“I was able to go and revisit things that were so painful and see them in a different way. So, instead of now shielding myself from everything. I'm OK with letting things come through,” Watchorn said.
Watchorn is part of the Multidisciplinary Association for Psychedelic Studies (MAPS) Phase III of clinical trials for MDMA-assisted therapy to treat PTSD. Phase II, as published in a medical journal earlier this year, resulted in 58 percent of participants no longer meeting the criteria for PTSD. One year after the final treatments, 68 percent of participants no longer had PTSD, though many still had sypmptoms.
“The research that we're doing in these clinical trials is using pure MDMA in a very limited number of times in moderate doses,” said Brad Burge, Director of Communications at MAPS.
That’s because MDMA is illegal. It is categorized as a Schedule I drug, which according to the Drug Enforcement Agency (DEA) “has no currently accepted medical use and a high potential for abuse.”
The synthetic drug, better known for its street names “Molly,” and “Ecstasy,” has been popular in dance clubs and music festivals around the world for decades. But drug policy experts warn that the pills sold on the streets are almost never pure MDMA and oftentimes don’t even contain any of it.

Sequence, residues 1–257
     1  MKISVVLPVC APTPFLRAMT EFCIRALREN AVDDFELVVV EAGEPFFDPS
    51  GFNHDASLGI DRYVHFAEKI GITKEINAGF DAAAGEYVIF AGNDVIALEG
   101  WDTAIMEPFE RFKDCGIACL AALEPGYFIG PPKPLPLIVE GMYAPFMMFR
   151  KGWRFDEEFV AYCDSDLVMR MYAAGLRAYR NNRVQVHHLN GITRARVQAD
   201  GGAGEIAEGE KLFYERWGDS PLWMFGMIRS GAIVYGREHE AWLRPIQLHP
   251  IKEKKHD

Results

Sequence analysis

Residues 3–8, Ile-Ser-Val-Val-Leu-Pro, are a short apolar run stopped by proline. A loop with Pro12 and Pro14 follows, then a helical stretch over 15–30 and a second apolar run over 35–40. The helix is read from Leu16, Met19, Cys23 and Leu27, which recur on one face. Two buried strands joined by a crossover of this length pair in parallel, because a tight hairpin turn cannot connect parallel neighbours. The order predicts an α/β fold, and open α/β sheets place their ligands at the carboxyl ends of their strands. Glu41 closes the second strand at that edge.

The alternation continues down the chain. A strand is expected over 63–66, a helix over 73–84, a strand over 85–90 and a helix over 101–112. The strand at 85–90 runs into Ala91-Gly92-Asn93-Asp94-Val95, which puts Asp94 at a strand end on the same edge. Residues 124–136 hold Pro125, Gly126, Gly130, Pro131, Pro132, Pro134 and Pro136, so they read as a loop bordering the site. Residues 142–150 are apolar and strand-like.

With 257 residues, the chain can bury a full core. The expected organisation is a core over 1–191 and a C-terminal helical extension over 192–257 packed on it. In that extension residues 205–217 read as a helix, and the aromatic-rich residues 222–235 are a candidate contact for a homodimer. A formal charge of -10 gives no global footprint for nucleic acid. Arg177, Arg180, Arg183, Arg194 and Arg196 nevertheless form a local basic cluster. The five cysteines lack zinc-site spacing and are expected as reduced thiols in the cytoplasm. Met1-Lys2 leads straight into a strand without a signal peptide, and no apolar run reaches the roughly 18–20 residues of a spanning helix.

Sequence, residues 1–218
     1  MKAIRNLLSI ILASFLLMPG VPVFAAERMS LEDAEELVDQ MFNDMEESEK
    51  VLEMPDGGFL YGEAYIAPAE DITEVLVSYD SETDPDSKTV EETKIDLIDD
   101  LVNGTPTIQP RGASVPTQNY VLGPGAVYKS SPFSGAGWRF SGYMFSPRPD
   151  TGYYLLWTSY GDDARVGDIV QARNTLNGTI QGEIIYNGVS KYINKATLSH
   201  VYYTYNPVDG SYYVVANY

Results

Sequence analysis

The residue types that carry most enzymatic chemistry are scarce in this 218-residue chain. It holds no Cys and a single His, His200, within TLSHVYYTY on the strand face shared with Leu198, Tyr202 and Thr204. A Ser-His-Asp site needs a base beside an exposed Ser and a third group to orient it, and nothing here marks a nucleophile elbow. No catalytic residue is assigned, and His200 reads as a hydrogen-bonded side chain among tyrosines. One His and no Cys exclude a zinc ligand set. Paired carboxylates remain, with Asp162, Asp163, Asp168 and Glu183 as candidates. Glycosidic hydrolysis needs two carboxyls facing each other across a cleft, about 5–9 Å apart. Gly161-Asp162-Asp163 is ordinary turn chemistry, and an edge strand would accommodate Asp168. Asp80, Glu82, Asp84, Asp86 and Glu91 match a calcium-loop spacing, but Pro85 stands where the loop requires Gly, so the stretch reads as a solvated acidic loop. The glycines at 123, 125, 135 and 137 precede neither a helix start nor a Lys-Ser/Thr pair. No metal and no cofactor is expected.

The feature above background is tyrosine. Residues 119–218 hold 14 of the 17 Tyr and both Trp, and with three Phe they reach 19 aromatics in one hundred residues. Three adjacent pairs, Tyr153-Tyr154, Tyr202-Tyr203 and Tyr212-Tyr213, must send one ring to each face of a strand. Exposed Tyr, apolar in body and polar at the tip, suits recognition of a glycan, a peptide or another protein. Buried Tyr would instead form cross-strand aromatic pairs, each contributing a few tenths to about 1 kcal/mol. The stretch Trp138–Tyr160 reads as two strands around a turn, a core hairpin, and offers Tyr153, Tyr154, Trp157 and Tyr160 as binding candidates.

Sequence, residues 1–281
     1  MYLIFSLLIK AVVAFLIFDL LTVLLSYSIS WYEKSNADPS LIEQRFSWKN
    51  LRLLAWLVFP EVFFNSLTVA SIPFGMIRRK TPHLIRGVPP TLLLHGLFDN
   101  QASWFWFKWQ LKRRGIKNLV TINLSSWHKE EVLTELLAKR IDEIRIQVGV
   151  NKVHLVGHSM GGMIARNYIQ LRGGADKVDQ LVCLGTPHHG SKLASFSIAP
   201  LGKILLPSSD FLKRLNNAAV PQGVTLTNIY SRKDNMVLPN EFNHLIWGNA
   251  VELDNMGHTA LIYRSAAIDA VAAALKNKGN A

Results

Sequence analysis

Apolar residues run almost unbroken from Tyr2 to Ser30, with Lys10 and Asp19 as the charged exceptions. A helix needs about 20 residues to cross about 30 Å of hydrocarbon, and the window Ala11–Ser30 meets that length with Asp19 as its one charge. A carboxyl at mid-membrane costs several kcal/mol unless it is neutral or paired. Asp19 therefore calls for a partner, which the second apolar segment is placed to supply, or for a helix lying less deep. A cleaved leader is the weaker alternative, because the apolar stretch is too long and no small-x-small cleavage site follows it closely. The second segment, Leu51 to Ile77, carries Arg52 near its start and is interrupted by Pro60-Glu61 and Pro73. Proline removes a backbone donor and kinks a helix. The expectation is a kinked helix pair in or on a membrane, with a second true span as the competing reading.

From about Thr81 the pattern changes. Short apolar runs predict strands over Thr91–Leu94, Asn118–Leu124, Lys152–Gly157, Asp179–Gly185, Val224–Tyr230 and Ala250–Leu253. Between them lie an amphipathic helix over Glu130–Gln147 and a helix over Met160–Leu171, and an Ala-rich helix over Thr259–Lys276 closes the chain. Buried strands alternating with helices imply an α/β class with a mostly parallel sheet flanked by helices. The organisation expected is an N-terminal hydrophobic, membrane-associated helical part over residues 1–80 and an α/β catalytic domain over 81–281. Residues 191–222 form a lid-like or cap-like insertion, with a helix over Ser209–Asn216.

According to Burge, black-market pills “almost always contain some kind of harmful adulterant, like pain killers, caffeine, ketamine, PSP, much more harmful derivatives of MDMA have been found, amphetamine, methamphetamine, and any number of things that can kind of keep you awake longer.”
According to the National Institute on Drug Abuse (NIH), MDMA was invented and patented by German pharmacists in 1912 as an anticoagulant. Throughout the 70s and 80s, “some psychiatrists believed that it enhanced communication in patient sessions and allowed patients to achieve insights about their problems.” But it was also emerging as a popular party drug, so the DEA “declared an emergency ban on MDMA, placing it on the list of Schedule I drugs.
If the MAPS drug trials are successful, the FDA were to approve its medical value, and the DEA were to reschedule MDMA, it would be the first time it happens to any schedule I substance. But the victory for MAPS could take years. Also, the path would be different from cannabis because the drug would be dispensed by therapists in closed therapy sessions, not as a prescription picked up at the pharmacy or at dispensaries. Patients would not need to continue taking the drug.
Watchorn’s last dose was more than a year ago and he said he has no interest in taking the drug ever again since his symptoms disappeared.
The limited need for the drug in patients treated, along with its expired patent makes it unattractive for pharmaceutical companies, according to Burge. He said MAPS, a non-profit, doesn’t have investors, “just donors.”